On the new controller, you simply connect up the two-way R/W connector you attached for the brake/power feed, along with the new R/Bk/Gr throttle connector.
For the two-way brake/’ignition’connector (below right), the green from the bike’s loom (which comes off of the brake-light circuit), goes to the white wire on the controller. The red wire on the loom (which comes from 72V circuit) goes to the thin red wire on the controller. If you have any doubts about the which wires from your bike go where, then measure them with a multimeter. The red 72V wire should measure 70-76V or so when the ignition switch is ‘on’. The green wire should measure around 12V when the brake is operated or the sidestand switch is activated.
For the three-way throttle connector, you need to MAKE SURE THE THROTTLE CONNECTOR WIRES MATCH UP! The colours either side should all match (though the ones on the loom may have a white stripe as below). The red, black and green wires on one side of the connector should meet the red, black and green wires on the other side. If they don’t match, then pick them and swap them round on the controller side.
AFTER: The new brake/’ignition’ power feed (right) and throttle cable (left) arrangement with the 72V controller
Once everything is connected up okay, you can turn on the breaker switch and see if it all works.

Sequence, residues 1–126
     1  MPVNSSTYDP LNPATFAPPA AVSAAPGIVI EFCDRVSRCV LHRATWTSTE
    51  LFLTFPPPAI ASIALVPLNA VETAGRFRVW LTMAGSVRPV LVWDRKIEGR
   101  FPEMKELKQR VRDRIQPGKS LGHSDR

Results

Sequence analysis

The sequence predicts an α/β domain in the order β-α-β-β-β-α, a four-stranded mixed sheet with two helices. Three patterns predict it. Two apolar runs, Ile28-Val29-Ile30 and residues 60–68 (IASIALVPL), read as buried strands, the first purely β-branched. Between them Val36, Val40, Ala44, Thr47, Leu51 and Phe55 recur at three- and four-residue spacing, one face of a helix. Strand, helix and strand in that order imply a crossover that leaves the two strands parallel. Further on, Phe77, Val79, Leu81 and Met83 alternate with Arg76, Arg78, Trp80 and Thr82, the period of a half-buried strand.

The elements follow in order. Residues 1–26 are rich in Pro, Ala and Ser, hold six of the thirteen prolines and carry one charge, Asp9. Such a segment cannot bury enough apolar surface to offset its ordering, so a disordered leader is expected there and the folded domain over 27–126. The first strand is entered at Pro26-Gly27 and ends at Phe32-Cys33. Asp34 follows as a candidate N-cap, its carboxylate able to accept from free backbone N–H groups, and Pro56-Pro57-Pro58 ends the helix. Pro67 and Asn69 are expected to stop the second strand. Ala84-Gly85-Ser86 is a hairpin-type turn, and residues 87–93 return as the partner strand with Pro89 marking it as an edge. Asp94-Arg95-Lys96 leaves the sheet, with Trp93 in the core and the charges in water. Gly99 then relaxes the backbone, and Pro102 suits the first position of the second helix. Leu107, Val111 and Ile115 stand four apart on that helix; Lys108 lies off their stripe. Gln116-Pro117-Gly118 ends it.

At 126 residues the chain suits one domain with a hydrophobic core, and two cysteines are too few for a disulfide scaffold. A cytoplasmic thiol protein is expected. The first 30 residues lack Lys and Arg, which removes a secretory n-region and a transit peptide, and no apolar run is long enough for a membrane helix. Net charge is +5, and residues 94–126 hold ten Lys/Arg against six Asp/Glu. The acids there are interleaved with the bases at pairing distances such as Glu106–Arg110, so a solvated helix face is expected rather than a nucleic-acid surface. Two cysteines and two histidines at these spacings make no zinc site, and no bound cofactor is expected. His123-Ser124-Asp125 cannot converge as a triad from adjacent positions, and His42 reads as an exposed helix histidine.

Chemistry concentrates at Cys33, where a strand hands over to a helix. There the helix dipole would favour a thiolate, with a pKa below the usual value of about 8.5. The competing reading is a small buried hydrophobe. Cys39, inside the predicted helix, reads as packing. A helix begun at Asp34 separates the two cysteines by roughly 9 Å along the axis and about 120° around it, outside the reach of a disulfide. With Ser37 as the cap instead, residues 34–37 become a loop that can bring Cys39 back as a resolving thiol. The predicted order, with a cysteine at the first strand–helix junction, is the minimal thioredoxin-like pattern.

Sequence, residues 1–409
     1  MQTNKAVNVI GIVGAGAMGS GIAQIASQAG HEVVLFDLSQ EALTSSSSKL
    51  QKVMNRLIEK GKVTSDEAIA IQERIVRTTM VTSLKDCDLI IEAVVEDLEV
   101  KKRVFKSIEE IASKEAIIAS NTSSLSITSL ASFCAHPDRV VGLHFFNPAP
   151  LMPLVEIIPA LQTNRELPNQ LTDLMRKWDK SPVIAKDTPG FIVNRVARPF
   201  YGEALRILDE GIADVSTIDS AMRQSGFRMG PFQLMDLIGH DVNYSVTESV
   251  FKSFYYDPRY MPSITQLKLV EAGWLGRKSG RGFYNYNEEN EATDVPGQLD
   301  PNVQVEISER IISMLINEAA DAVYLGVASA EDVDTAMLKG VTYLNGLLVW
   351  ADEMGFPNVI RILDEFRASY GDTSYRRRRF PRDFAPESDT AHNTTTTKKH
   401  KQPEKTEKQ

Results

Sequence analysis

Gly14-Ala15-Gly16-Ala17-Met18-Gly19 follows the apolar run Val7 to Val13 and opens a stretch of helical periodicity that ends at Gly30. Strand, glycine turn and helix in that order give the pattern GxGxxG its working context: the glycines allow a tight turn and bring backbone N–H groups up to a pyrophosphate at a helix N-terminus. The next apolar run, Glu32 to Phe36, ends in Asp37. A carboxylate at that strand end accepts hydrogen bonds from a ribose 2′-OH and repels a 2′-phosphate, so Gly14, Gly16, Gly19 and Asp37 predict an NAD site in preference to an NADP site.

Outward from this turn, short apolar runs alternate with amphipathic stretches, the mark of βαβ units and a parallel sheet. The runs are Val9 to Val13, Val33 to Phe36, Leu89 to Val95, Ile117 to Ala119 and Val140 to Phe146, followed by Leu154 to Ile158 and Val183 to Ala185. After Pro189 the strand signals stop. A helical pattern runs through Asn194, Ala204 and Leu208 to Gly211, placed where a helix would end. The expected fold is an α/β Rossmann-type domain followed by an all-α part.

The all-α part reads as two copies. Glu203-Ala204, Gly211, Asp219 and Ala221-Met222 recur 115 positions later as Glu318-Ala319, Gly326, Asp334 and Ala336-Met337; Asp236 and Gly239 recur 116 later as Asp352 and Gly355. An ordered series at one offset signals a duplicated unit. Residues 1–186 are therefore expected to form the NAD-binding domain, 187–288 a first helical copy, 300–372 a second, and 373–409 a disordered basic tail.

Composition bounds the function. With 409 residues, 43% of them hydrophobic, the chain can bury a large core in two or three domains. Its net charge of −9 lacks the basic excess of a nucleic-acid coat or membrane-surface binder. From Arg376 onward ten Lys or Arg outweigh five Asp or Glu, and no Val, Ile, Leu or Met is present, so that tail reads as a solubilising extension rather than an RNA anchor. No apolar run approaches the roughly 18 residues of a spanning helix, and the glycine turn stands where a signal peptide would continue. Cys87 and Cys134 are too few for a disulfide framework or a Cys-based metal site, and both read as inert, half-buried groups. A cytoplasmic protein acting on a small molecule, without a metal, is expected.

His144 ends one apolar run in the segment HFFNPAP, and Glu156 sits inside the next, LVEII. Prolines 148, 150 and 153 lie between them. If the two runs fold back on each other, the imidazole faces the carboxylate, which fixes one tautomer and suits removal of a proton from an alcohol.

Fire it up!
This is the moment you’ve been waiting for. But don’t panic too much if nothing happens right away, as you probably forgot something basic.
First check that the bike is firmly on its stand with the rear wheel raised clear of the ground. Turn the ignition key and gently turn the throttle. If the motor whirrs to life, then congratulations, you evidently did everything right. Squeeze the brake at the same time as the throttle to make sure the throttle cut-off works (the brake should cut off power to the motor).
If nothing happened then:
1) Do one more check of the voltage on the main power wires. Is power actually getting through to the controller? Is there any power at all? Are the batteries all wired up properly, with no breaks in the circuit?
2) Is the brake light on? If so, did you perhaps leave the side-stand slightly down so that the brake cut-off is in operation?
3) Are you sure that THROTTLE CONNECTOR is properly wired up? If you checked all of these things and are still having no joy, then you might have bought a dead controller and may need to return it. Did you buy a spare? If so, you can try that one too. If not, then you’re out of luck and will need to ‘revert’ to 48V mode until you can figure out what’s up.
If you just can’t figure out what the problem is, then you can post a message here or to the Electric Motoring Forum.